Original Research ARTICLE
Autonomic and Redox Imbalance Correlates With T-Lymphocyte Inflammation in a Model of Chronic Social Defeat Stress
- Department of Cellular and Integrative Physiology, University of Nebraska Medical Center, Omaha, NE, United States
Patients diagnosed with post-traumatic stress disorder (PTSD) are at a significantly elevated risk of developing comorbid inflammatory conditions, but the mechanisms underlying this predilection remain unclear. Our previous work has shown that T-lymphocytes exposed to elevated levels of norepinephrine (NE) displayed a pro-inflammatory signature reminiscent of an autoreactive phenotype. With this, we hypothesized that the increased sympathetic tone observed during psychological trauma may be promoting pro-inflammatory T-lymphocytes, which causes a predisposition to comorbid inflammatory conditions. Here, we examined the consequences of psychological trauma on splenic T-lymphocytes using a mouse model of repeated social defeat stress. Social defeat led to anxiety-like and depression-like behavior as has been previously described. The spleens of socially-defeated mice showed significant elevations of NE, tyrosine hydroxylase (TH), and acetylcholinesterase (ACHE) levels, which appeared to be due in part to increased expression within T-lymphocytes. Additionally, T-lymphocytes from stressed animals showed higher levels of pro-inflammatory cytokines and mitochondrial superoxide. Interestingly, in this model system, close associations exist within splenic T-lymphocytes amid the autonomic, inflammatory, and redox environments, but these only weakly correlate with individual behavioral differences among animals suggesting the psychological and physiological manifestations of trauma may not be tightly coupled. Last, we describe, for the first time, elevations in calprotectin levels within T-lymphocytes and in circulation of psychologically stressed animals. Calprotectin correlated with both behavioral and physiological changes after social defeat, suggesting the potential for a new biological marker and/or therapeutic target for psychological trauma and its inflammatory comorbidities.
Approximately 70% of adults in the United States have experienced some form of traumatic event, and development of post-traumatic stress disorder (PTSD) in this population is estimated at over 20% or 45 million Americans (Kessler et al., 1995, 2005, 2012). PTSD is classified as a trauma and stressor-related disorder, and the disease manifests itself in several behavioral changes including intrusion symptoms, avoidance, and negative alterations in cognitions and mood (American Psychiatric Association, 2013). PTSD patients also demonstrate significantly elevated risks for the development of comorbid somatic illnesses such as cardiovascular, metabolic, and autoimmune diseases (Boscarino, 2004; Edmondson et al., 2013; Mikuls et al., 2013; Britvić et al., 2015; Lee et al., 2016; Edmondson and von Känel, 2017). While PTSD patients frequently partake in activities that independently increase the chances of developing these disorders (e.g., smoking, drug use, poor diet, lack of exercise, etc.), statistical analyses have explicitly shown a consistent and significantly elevated comorbid disease risk even after controlling for these precarious activities. Moreover, it is unclear if treatment of the behavioral manifestations of PTSD impact the development of these comorbid somatic conditions, suggesting the control mechanisms remain elusive.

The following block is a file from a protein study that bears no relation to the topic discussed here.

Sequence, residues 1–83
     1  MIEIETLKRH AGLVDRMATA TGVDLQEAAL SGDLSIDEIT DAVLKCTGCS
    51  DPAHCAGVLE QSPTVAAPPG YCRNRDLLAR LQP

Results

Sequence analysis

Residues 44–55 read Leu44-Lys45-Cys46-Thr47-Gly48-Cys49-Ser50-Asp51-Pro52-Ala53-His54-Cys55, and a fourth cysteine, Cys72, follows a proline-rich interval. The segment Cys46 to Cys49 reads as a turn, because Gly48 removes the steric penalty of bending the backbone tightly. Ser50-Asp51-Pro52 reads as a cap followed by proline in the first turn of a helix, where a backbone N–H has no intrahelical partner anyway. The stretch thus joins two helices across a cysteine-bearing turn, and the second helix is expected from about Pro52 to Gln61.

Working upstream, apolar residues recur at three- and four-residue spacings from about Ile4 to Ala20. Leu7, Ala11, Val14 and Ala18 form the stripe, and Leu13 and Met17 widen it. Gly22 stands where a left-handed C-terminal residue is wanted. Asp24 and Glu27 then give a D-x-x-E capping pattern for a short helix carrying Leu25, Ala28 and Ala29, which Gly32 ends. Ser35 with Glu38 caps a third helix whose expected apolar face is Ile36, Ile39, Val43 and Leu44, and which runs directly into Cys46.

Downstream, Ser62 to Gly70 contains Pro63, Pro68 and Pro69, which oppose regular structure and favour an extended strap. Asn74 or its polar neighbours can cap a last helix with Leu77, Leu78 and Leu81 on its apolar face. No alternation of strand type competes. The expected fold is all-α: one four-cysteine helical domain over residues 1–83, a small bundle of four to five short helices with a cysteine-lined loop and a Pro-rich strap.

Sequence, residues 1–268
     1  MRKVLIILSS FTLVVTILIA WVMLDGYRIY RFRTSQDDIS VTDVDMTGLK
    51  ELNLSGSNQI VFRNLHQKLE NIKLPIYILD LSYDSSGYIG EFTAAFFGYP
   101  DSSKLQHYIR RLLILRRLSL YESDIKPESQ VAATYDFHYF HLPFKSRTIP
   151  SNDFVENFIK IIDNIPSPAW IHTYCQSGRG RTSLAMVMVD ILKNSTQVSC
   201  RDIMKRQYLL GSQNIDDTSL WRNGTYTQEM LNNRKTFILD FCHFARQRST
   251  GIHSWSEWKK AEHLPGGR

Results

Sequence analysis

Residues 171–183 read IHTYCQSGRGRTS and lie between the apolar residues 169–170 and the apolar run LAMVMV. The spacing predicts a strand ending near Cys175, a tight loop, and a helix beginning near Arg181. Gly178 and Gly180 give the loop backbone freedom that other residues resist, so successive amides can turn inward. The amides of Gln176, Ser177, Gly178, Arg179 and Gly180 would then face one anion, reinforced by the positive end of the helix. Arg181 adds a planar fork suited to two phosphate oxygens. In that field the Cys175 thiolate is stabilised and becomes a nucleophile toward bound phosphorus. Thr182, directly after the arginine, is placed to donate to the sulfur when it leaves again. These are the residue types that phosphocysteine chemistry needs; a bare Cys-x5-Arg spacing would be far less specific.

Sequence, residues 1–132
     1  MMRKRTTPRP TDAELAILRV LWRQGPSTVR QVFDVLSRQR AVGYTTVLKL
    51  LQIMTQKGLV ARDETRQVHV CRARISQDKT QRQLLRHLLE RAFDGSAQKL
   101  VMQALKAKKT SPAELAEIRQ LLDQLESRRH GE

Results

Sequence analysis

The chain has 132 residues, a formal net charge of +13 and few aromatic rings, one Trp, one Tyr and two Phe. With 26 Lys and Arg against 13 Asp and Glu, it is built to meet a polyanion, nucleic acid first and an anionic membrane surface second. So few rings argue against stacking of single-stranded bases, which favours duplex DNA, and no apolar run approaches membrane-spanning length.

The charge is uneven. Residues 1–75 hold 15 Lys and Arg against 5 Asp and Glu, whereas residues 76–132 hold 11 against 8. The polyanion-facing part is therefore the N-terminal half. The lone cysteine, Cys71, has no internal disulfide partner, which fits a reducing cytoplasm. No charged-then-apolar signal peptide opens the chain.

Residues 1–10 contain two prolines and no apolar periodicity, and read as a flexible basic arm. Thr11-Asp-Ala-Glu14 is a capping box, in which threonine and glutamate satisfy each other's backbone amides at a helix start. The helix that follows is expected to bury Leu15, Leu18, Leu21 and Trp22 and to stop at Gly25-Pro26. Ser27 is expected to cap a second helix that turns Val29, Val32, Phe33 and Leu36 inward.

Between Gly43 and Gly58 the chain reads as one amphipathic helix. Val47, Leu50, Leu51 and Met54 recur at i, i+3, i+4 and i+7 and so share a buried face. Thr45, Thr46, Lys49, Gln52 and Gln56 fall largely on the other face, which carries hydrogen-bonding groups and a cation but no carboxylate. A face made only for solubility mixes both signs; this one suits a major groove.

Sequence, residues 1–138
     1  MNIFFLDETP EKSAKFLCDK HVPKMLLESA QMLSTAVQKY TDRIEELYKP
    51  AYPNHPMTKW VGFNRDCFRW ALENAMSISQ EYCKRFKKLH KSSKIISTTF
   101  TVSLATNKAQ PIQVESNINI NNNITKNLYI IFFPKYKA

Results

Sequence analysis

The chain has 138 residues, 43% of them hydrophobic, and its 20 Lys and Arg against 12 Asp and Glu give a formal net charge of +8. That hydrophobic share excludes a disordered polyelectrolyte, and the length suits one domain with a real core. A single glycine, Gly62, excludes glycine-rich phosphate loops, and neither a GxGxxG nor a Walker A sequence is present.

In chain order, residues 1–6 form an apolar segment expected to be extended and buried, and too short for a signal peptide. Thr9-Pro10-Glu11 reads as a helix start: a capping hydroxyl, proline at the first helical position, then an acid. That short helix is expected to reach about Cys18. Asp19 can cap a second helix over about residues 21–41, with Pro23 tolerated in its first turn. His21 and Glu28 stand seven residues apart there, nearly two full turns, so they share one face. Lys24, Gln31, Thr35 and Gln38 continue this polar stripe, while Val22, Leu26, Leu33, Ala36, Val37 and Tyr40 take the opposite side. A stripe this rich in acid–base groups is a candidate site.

One characteristic physiological change of PTSD that may partially explain the development of comorbid somatic diseases is elevated sympathetic nervous system activity and norepinephrine (NE) outflow (Park et al., 2017). Compared to other psychological conditions such as chronic depression, bipolar, or schizophrenia disorders, PTSD patients show significantly elevated NE levels in both urine and cerebrospinal fluid compared to matched controls (Mason et al., 1988; Geracioti et al., 2001, 2008; Strawn et al., 2004). Moreover, targeting of NE via pharmacological means using prazosin or clonidine (α1 adrenergic antagonist and α2 adrenergic agonist, respectively), physical manipulation by denervation of the sympathetic chain, as well as anesthetic ganglion blockade have all demonstrated benefits in attenuating the psychological manifestations of the disease (Sutherland and Davidson, 1994; Brady et al., 2000; Telaranta, 2003; Raskind et al., 2007; Lipov et al., 2008, 2012; Lipov and Kelzenberg, 2012). These treatment modalities are highly suggestive of a sympathetic component contributing to PTSD, however, it remains unclear if this dysregulation of autonomic tone is causal to the development of comorbid somatic diseases.